Autumn 1942 • Vol. IV No. 3 Nonfiction |

Notes on Art and War

Lieutenant Commander Edward Steichen seems to have solved the problem of the "American Scene.” The exhibition this photographer designed for the New York Museum of Modern Art is called "The Way to Victory.” It consists of several hundred enlarged photographs, some drawn from the Navy’s files, and some taken especially for the purpose, that is to say, frank propaganda. As such the exhibition is a graphic masterpiece to which Carl Sandburg’s running commentary is as unnecessary as it is occasionally eloquent. But as a telling picture of the face of the land it suggests that here is the way, a recording mechanism in the hands of a skilful reporter, to do what a generation of painters have been straining the limits of their medium to accomplish. It was natural in an essentially literary culture that a school of painting should rise to parallel the growing regionalism of American letters. Critics found an honorable paternity for it in the trinity of Homer, Ryder and Eakins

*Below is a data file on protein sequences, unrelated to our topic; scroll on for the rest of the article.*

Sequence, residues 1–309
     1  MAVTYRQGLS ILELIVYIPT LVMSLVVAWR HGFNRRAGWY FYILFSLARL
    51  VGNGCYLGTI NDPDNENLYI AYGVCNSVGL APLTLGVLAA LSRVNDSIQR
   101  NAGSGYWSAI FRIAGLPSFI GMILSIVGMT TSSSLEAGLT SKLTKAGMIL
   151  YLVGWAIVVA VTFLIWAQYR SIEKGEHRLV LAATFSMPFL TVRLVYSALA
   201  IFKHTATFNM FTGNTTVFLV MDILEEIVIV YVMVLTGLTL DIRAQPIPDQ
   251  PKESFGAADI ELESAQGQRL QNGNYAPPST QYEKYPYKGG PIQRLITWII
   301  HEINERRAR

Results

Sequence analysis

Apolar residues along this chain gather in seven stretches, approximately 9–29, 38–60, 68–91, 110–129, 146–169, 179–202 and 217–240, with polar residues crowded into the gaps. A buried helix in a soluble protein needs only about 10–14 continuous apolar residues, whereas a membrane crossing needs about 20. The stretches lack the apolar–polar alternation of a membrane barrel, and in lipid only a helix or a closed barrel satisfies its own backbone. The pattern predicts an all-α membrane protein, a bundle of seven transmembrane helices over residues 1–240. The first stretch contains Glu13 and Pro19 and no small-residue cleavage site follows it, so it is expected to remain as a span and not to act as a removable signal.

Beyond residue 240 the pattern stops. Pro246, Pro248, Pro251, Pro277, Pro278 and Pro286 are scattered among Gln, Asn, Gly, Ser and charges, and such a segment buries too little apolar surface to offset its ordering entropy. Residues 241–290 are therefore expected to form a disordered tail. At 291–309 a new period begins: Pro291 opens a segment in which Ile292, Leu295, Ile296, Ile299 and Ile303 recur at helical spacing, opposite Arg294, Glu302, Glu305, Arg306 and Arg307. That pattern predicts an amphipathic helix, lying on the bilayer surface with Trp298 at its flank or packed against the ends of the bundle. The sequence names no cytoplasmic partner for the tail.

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Art Letter

By Philip R. Adams

Lieutenant Commander Edward Steichen seems to have solved the problem of the "American Scene.” The exhibition this photographer designed for the New York Museum of Modern Art is called "The […]

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